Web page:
Cost is one of the biggest obstacles to travel. A lot of people presumably would go a lot more places if getting around were cheaper or, better yet, free. That’s why so many travelers play the points and miles game: Plane tickets can be booked for nearly nothing, after nominal fees.
Earning enough miles for a free ticket can be slow going, however. The old-fashioned method — earning frequent flyer miles by flying frequently — can take forever and requires paying a small fortune in airfare in order to earn an award ticket.
But there are ways to speed up the process considerably. Here are the fastest ways to get a free or nearly free plane ticket using miles.
Get a credit card sign-up bonus
If you have good credit and you can responsibly charge a few thousand dollars in the next three months, that could translate to a free plane ticket or two. Apply for a credit card that will pay you a big chunk of bonus points or miles if you make a certain amount of purchases on the card within the first 90 days or so. These spending minimums usually range from $500 to $5,000, with $3,000 being fairly common.
To find the best credit card for you, first decide where you want to go, see which airlines serve your destination from your home airport, then search for credit cards that will give you miles for that airline. But don’t pull the trigger just yet. Research some flexible rewards cards that have their own points programs or offer statement credits for travel or even cash back.
For example, the Chase Sapphire Reserve® offers the following sign-up bonus: Earn 50K bonus points after you spend $4,000 on purchases in the first 3 months from account opening. That’s $750 toward travel when you redeem through Chase Ultimate Rewards® .
Next, research cash fares to your destination to see whether the points from the flexible rewards program will take you farther than the airline miles on offer with a co-branded credit card. Include annual credit card fees into your calculation, as they put a real dollar cost on those nearly free plane tickets.
Remember that if you can’t pay off those balances in full before they start accumulating interest, working the credit card points bonus angle may not be for you. Also note that credit card companies look poorly upon applying for cards for the bonus alone, so have a plan to use the card for the long term.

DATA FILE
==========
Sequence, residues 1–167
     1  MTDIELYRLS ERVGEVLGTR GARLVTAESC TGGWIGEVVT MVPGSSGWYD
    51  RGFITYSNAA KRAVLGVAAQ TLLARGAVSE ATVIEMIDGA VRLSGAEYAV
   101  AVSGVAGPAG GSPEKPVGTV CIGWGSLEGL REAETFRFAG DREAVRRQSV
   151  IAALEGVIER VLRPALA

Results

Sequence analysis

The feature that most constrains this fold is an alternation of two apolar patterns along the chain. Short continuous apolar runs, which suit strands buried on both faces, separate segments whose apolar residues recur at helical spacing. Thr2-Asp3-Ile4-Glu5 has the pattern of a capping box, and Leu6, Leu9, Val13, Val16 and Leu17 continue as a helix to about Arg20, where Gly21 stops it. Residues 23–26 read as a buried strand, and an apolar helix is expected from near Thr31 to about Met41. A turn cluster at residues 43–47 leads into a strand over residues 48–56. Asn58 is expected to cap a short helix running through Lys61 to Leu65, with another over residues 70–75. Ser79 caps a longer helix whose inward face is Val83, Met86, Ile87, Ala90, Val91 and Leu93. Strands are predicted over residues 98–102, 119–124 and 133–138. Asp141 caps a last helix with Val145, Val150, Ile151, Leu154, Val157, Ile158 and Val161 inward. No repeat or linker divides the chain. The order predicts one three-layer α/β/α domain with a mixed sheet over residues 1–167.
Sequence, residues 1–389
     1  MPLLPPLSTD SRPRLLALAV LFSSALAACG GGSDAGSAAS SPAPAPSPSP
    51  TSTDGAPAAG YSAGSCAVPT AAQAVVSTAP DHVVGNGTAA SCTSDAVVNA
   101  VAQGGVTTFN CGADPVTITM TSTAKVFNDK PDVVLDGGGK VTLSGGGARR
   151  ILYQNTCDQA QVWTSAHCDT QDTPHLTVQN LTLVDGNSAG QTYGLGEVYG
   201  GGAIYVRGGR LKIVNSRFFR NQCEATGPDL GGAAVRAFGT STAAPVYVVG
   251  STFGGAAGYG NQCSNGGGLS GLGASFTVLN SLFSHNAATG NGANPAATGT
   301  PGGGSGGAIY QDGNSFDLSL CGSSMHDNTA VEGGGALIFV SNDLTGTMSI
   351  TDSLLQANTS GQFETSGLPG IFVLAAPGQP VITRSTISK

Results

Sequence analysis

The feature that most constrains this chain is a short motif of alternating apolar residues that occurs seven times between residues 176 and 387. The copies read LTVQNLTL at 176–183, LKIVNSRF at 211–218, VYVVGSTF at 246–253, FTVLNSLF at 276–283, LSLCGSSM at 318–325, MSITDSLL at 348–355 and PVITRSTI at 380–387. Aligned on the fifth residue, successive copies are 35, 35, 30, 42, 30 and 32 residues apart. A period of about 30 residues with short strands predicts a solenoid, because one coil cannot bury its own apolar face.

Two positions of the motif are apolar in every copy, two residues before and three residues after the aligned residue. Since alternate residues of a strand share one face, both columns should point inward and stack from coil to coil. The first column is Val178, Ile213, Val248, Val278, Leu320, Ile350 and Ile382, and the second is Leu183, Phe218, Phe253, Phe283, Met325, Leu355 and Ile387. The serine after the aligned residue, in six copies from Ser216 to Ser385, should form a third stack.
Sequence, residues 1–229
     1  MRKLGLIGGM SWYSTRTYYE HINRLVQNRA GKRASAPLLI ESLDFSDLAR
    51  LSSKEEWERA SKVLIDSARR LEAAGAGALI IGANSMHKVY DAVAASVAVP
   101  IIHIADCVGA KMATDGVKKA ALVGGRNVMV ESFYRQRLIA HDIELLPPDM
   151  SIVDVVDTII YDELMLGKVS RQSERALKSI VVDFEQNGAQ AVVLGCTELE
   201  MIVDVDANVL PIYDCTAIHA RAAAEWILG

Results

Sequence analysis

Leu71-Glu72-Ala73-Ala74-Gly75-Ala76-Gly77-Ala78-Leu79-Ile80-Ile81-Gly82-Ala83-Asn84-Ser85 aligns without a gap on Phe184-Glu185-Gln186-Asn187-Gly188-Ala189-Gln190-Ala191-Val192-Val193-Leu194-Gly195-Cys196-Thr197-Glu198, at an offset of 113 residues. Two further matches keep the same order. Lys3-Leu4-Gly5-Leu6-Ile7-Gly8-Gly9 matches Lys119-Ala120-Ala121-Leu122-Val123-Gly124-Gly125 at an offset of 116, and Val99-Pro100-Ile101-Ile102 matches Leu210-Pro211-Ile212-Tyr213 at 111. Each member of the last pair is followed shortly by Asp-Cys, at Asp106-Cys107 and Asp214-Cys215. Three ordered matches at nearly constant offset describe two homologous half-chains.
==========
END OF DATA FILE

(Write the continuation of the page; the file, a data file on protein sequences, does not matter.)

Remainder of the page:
Rev up your spending strategy
Most rewards credit cards pay you points or miles for every purchase. But there are often ways to accelerate this process. Note whether your card has category bonuses, which pay more points on gas, groceries or drug store purchases. Check out airline shopping portals where you log in before clicking through to retailer websites to earn miles for buying stuff you would buy anyway. Check out your preferred airline’s dining rewards program, too. With these, you just register a credit card and earn miles when you use it at participating restaurants.
Get smart about mileage redemption rates
Perhaps the quickest way to get miles for one flight is to spend less of them on a different flight. Redemption rates can vary widely, so it pays to be flexible.
Here’s an example: Let’s say you want to fly from New York to Miami on American Airlines using miles. A ticket that costs 12,500 AAdvantage miles if you fly March 1 might cost half that if you fly March 2. Furthermore, a March 1 flight booked on Jan. 15 could cost half what you’d pay if you booked it Dec. 15. That’s because airlines can open up “saver” level award seats at any time without notice.
So don’t lock in your purchase until you have a feel for what constitutes a good redemption rate. With some flexibility, you might be able to get two “saver” flights for the price in miles of one “anytime” flight.
Check out hotel-airline rewards partnerships
If you think you can’t earn airline miles on hotel bookings, think again. A number of hotel rewards programs partner with airlines to let you earn miles.
Generally speaking, transferring earned hotel points to airline frequent flyer programs isn’t the best value. One notable exception is the Marriott Bonvoy program, which allows direct transfers to a number of airline partners at relatively attractive rates.